While I have struggled in the past with meditation, I do find listening to positive podcasts another good way to shift my focus or reframe my negative thoughts. I love Happy Place with Fearne Cotton and find a lot of the topics she covers and speakers she engages with really resonate with me. I have also had the GABA LIFE podcast recommended to me (with the caveat that it is quite ‘woowoo’!) and will be investigating it further. As well as Feel Better, Live More with Dr Rangan Chatterjee, which covers lots of health issues including mental health.
The NHS also has a free resource of relaxation exercises available here. These include Yoga Nidra classes (Yogic sleep) and breathing exercises.
Face the things you want to avoid
It’s easy to avoid situations, or rely on habits that make us feel safer, but these can keep anxiety going. By slowly building up time in worrying situations, anxious feelings will gradually reduce and you will see these situations are OK.
Get to grips with the problem
When you’re feeling stressed or anxious, it can help to use a problem-solving technique to identify some solutions. This can make the challenges you’re facing feel more manageable.
I often find that talking through my worries with my husband can help and we can troubleshoot together. Being open about the fact that I am feeling anxious and talking about where the anxiety stems from and how it is making me feel/respond to other areas of my life is so important to helping our relationship. I know that worry about something like moving house, or starting anew job can make me very snappy about other totally unrelated things, or else make me irrationally tearful or overly sentimental. Sometimes it’s good to unpack the feelings and tackle them head on, rather than trying to pretend they aren’t there.
A lot of people I spoke to found that drinking less or giving up drinking completely also helped with their anxiety levels. Sleeping more also helps (although this is not always possible!) As well as getting outside for some kind of exercise, even if it’s just a walk or some gentle yoga.
I was recently listening to a podcast episode with Kelly McGonigal on the power of movement, which I would strongly recommend. She researches the positive impact of movement on our physical and mental health and she mentioned that there are many of us who need movement to counteract a predisposition to anxiety or stress. I am definitely one of these people and I know that a lot of my anxiety recently has been exacerbated by the inability to go running or swimming as much as I would like.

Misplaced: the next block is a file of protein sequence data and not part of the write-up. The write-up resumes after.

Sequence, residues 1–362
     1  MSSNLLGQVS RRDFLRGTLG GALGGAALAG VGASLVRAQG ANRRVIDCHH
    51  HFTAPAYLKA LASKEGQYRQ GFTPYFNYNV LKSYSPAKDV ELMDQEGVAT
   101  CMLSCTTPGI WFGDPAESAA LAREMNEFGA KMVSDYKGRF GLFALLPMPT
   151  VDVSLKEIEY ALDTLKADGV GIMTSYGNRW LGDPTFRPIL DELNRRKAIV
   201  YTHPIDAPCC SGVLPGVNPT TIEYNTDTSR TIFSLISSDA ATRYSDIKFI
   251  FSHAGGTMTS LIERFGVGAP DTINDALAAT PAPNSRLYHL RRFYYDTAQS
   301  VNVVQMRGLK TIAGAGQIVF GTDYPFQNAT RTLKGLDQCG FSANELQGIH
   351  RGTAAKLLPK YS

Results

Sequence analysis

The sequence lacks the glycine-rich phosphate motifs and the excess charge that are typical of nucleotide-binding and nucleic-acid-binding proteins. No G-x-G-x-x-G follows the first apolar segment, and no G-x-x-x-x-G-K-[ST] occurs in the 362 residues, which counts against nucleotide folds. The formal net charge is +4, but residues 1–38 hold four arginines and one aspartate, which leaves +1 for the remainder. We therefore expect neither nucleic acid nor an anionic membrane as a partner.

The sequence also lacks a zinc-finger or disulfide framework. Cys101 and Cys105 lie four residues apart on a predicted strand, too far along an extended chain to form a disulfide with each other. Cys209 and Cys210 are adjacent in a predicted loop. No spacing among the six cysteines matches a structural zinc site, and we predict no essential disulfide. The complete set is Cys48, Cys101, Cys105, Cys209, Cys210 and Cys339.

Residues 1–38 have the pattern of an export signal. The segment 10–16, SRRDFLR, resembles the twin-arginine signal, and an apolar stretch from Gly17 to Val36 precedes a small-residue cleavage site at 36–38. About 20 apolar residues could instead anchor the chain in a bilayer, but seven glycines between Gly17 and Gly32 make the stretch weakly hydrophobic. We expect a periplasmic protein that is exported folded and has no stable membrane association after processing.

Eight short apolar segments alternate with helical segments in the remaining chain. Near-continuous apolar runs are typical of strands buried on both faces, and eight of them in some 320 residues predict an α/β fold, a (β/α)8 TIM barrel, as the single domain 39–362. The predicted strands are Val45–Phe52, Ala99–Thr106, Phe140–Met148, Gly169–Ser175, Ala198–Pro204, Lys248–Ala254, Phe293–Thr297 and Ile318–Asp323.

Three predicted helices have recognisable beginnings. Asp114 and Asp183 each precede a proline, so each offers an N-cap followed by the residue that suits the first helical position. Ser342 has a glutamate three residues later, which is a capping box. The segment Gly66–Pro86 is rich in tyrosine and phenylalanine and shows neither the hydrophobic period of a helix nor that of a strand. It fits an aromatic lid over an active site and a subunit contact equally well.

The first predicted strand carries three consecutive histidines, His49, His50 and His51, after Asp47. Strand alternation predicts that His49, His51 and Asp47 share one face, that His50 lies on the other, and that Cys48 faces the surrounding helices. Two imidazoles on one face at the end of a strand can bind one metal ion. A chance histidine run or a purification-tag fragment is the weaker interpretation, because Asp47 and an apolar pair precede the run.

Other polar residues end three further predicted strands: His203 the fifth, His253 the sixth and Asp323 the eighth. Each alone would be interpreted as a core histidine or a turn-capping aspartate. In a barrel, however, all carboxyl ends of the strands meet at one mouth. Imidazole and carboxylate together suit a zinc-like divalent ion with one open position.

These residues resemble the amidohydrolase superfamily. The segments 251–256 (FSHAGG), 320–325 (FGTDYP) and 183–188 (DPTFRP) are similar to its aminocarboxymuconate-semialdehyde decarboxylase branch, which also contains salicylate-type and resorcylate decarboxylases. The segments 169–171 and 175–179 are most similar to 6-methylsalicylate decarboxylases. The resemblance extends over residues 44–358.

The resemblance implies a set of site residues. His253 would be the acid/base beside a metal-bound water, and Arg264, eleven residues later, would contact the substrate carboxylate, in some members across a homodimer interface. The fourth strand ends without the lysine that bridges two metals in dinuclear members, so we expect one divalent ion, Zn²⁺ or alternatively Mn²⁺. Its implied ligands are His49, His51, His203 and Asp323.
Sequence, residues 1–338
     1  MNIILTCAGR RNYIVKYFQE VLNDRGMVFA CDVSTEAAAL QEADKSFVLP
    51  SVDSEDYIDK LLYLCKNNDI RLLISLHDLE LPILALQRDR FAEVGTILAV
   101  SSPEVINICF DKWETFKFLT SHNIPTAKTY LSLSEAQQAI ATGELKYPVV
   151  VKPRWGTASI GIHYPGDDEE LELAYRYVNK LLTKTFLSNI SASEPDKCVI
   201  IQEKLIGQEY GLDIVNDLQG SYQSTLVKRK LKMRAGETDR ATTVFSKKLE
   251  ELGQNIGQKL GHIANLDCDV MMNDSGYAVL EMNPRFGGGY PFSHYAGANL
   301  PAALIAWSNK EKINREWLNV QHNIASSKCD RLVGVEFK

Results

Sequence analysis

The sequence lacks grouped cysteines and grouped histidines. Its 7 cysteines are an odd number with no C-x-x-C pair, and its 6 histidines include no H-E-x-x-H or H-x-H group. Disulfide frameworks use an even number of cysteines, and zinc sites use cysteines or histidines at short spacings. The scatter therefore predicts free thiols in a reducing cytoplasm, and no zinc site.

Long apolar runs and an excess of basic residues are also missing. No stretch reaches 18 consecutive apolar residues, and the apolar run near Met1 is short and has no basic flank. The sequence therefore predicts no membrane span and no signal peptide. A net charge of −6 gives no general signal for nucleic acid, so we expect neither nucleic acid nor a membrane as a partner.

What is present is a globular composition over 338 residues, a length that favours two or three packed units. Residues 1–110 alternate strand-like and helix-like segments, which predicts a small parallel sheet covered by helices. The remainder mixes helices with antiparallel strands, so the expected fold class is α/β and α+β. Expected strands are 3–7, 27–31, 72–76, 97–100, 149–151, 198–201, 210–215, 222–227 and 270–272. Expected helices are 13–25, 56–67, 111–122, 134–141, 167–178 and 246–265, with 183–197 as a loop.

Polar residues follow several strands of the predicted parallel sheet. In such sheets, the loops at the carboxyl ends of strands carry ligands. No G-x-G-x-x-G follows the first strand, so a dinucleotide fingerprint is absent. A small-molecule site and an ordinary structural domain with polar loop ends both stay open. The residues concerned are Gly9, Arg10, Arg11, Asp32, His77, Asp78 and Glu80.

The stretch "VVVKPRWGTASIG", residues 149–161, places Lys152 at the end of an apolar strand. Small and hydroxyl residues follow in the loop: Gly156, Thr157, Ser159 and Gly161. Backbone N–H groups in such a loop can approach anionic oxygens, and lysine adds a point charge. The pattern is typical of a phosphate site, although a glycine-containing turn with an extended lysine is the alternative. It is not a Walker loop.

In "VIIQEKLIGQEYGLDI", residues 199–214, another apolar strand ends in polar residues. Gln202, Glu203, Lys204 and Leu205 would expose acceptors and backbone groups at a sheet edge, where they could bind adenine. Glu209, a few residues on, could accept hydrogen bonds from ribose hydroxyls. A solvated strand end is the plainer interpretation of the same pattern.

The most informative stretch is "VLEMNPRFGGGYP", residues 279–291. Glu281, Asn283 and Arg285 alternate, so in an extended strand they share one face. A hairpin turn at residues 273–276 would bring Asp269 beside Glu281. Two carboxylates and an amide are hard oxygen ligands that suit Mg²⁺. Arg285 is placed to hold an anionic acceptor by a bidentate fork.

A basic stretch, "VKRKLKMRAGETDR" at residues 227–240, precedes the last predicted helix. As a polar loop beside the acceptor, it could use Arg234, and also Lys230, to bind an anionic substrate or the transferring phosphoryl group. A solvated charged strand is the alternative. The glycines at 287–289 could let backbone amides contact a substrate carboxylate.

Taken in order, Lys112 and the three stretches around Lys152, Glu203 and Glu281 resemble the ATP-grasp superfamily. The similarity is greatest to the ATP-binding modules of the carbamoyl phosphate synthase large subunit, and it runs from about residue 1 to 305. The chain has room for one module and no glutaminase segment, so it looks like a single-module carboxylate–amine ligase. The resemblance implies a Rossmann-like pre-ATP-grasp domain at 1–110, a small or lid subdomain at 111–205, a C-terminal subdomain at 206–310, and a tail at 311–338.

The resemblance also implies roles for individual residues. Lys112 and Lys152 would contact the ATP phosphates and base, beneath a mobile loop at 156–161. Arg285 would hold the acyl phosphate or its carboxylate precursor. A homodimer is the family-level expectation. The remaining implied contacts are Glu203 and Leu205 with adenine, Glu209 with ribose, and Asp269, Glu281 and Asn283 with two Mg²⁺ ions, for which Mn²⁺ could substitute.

There are lots of books available to help with anxiety and related mental health issues. Often with this type of reading matter finding a ‘voice’ that chimes with you is key. Be mindful of whether you prefer straight-talking fact or more anecdotal guidance. Even if the content is good, if the author’s voice isn’t right for you – for me I struggle with anything too gentle and ‘fluffy’, or too pseudoscience in feel without the requisite notes section to convince me of the validity of the study – then you won’t get the full benefit of the content.
Reading Well for mental health provides helpful information and support for managing common mental health conditions, or dealing with difficult feelings and experiences. Some books also include personal stories from people who are living with or caring for someone with mental health needs.
Some recommendations from friends, which I will be added to my reading list, include the following:
Sane New World by Ruby Wax – Ruby Wax – comedian, writer and mental health campaigner – shows us how our minds can jeopardize our sanity.
With her own periods of depression and now a Masters from Oxford in Mindfulness-based Cognitive Therapy to draw from, she explains how our busy, chattering, self-critical thoughts drive us to anxiety and stress.
The Stress Solution by Dr Rangan Chatterjee – this book offers practical advice on how to deal with depression and anxiety, including lots of little things you can do day-to-day that my prove transformative.
Self-Compassion by Kristin Neff – Kristin Neff PhD, is a professor in human development whose 10 years’ of research forms the basis of her timely and highly readable book. Self-Compassion offers a powerful solution for combating the current malaise of depression, anxiety and self-criticism that comes with living in a pressured and competitive culture.
Self-Compassion recognises that we all have weaknesses and limitations, but in accepting this we can discover new ways to achieve improved self-confidence, contentment and reach our highest potential. Simply, easily and compassionately.
The Compassionate Mind by Professor Paul Gilbert – Throughout history people have sought to cope with a life that is often stressful and hard. We have actually known for some time that developing compassion for oneself and others can help us face up to and win through the hardship and find a sense of inner peace. However in modern societies we rarely focus on this key process that underpins successful coping and happiness and can be quick to dismiss the impact of modern living on our minds and well-being. Instead we concentrate on ‘doing, achieving’ and having’.
In this book, Professor Paul Gilbert explains how new research shows how we can all learn to develop compassion for ourselves and others and derive the benefits of this age-old wisdom.
Therapies and professional help
Whether it is talking therapy, hypnotherapy or medication, if it feels like your anxiety is out of control there are options to seek professional help. The Mind website offers good practical advice and resources on this.